Mr. Hume acknowledges the justice of confidering the Deity as infinitely superior to mankind; but he represents it at the same time as very generally attended with unpleasant effects, and magnifies the advantages of having gods which are only a little superior to ourselves. “ While the Deity, he fays, “ is represented as infinitely superior to mankind, " this belief, though altogether just, is apt when

joined with superstitious terrors, to fink the human mind into the lowest submission and abafe

ment, and to represent the monkish virtues of « mortification, penance, huinility and paflive suf“fering, as the only qualities which are accepta66 ble to him. But where the gods are conceived to be only a little fuperior to mankind, and to « have been many of them advanced from that in66 ferior rank, we are more at our ease in our ad“ dresses to them, and may even without profane“ ness afpire sometimes to a rivallhip and emulation “ of them. Hence activity, fpirit, courage, mag

nanimity, love of liberty, and all the virtues “ which aggrandize a people."*

* Diffiro on tái Nat. Hift. nf Ril. § X.

It is easy to perceive from this passage, that though Mr. Hume acknowledges the justice of conceiving of a God infinitely superior to us, yet his inclination is the other way.

In a nation at least, the bulk of which will be supposed to be inclined to fuperftition, it is better, according to his reasoning, and more friendly to virtue, to promote the worship of a number of imaginary deities, than of the one

a only living and true God. Thus the fool faith in his beart, no God!"

The sum of the whole is this, modern unbelievers are deists in theory, pagans in inclination, and atheists in practice.

If deists loved the one only living and true God, they would delight in worshipping him : for love cannot be inoperative; and the only possible way for it to operate towards an infinitely glorious and all-perfect Being is by worshipping his name, and obeying his will. If Mr. Paine really felt for “ The honour of his Creator," as he atfects to do,* he would mourn in secret for all the great wickedness which he has committed against him; he would lie in the dust before him, not merely as “m out-caft,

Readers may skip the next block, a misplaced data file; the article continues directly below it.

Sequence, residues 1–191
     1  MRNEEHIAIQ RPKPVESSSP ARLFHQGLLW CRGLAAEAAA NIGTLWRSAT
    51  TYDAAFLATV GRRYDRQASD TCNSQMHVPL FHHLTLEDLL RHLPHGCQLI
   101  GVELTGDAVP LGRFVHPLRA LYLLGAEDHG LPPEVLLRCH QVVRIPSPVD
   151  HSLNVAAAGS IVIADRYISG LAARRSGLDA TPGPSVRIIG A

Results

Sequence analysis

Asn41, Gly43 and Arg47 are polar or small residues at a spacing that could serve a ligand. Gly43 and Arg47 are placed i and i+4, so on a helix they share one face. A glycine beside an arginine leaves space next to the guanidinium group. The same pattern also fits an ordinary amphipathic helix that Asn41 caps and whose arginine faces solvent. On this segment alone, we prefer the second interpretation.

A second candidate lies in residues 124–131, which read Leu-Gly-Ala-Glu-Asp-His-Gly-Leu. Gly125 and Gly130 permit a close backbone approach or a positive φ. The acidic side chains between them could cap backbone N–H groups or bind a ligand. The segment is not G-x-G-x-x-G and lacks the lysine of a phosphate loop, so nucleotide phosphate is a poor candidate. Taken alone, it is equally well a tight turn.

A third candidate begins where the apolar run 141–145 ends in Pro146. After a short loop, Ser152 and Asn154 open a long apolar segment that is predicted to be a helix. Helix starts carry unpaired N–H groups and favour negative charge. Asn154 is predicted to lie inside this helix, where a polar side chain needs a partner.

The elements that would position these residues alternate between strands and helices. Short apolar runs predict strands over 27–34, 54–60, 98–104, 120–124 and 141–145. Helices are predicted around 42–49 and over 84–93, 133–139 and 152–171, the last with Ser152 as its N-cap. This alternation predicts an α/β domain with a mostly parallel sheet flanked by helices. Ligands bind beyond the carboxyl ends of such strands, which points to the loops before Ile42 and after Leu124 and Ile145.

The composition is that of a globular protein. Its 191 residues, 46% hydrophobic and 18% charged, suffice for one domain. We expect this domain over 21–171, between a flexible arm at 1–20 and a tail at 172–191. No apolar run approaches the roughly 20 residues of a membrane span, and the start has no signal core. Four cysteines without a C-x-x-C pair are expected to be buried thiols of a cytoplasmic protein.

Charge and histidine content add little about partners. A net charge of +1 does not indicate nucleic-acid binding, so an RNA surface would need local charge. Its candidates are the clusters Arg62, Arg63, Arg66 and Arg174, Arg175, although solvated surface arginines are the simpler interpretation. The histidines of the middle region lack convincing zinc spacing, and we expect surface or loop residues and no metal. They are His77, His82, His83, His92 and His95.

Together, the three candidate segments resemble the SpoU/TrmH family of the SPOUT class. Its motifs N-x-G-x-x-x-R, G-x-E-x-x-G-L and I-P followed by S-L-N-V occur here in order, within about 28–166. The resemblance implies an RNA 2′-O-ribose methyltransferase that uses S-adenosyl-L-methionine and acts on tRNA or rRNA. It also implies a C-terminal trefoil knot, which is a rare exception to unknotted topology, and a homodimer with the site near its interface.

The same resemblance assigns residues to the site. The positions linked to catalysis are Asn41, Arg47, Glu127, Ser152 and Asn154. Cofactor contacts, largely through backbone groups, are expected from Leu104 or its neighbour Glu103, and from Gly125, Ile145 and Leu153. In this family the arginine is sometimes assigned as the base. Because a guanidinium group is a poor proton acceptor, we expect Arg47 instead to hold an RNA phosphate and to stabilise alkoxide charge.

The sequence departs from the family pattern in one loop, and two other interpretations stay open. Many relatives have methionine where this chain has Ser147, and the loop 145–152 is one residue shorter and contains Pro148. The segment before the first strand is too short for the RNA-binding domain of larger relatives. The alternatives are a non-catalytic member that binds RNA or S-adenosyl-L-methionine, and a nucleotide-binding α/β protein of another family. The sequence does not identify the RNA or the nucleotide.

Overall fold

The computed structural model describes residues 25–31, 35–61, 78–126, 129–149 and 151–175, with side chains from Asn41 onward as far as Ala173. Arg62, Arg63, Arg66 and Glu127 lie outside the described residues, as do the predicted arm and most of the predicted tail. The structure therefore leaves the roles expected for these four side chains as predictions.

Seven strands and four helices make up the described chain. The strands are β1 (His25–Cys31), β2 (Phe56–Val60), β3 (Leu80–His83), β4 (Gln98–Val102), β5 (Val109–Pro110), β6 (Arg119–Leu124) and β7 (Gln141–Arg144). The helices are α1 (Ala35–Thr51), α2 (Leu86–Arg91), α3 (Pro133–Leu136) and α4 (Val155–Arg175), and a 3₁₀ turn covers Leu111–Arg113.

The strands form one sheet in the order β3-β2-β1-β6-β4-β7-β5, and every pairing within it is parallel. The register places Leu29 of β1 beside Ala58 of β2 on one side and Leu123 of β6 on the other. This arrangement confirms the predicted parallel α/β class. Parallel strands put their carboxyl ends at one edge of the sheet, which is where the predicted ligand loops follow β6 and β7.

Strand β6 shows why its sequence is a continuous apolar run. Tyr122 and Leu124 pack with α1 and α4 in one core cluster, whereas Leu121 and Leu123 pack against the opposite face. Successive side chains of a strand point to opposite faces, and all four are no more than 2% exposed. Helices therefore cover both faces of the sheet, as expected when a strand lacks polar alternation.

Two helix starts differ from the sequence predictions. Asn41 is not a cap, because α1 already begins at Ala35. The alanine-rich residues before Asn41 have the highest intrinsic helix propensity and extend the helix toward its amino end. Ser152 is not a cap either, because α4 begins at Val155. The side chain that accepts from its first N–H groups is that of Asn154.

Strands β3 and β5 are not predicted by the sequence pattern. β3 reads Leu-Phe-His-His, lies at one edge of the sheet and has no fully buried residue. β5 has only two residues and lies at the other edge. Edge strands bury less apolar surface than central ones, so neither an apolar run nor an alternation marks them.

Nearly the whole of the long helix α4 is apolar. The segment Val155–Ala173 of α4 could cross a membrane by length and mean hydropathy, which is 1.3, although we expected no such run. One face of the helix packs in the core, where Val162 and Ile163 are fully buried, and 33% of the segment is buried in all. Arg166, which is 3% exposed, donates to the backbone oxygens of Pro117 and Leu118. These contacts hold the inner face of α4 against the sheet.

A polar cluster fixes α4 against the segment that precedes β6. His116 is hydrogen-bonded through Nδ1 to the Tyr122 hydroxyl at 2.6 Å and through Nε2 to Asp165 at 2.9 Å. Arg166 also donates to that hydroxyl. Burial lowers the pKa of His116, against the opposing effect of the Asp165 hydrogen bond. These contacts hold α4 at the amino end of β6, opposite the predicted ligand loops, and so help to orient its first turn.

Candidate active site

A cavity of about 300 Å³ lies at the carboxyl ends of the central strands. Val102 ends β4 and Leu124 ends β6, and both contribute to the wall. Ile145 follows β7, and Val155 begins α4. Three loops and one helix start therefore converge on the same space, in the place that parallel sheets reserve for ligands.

an a beggar, and a worm," but as a finner, deserving his eternal displeasure. He would be glad of a Mediator, through whom he might approach his offended Creator ; and would consider Redemption by his blood not as "a fable," but a divine reality, including all his salvation, and all his defire. Yes, he himself would “ turn devcut ;” and it would be faid of him as of Saul of Tarsus, Behold he prayeth ! Nor would his prayers, though importunate, be “ dictatorial,” or his grief " affected." On the

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Age of Reason, Part I. p. 16.

contrary, he would look on Him whom he hath pierced, and mourn, as one mourneth for an only fon; and be in bitterness, as one that is in bitterness for his first-born.. But these are things pertaining to godliness; things, alas for him, the mention of which is fufficient to infiame his mind with malignity, and provoke him to the most outrageous and abusive language.

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The Christian standard of morality is enlarged, and

free from impurity: but deism confines our obliga-. tions to those duties which respect our own species, and greatly palliates vice with regard to a breach even of them.


ERSONS who profefs the strictest regard to the rule of duty, and carry the extent of it to the highest pitch, may, it is allowed, be infincere, and contradict by their practice what they advance in their professions. But those whose ideas of virtue are low and contracted, and who embrace every opportunity to reconcile the vices of the world with its sacred precepts, cannot posibly be accounted any other than its enemies.

That which the Scriptures call holiness, spirituality, &c. as much surpasses every thing that goes under the names of morality and virtue amongst unbelievers, as a living man furpaffes a painting, or even a rude and imperfect daubing. If in this controversy. I have used these terms to express the scrip. tural ideas, it is not because in their ordinary ac.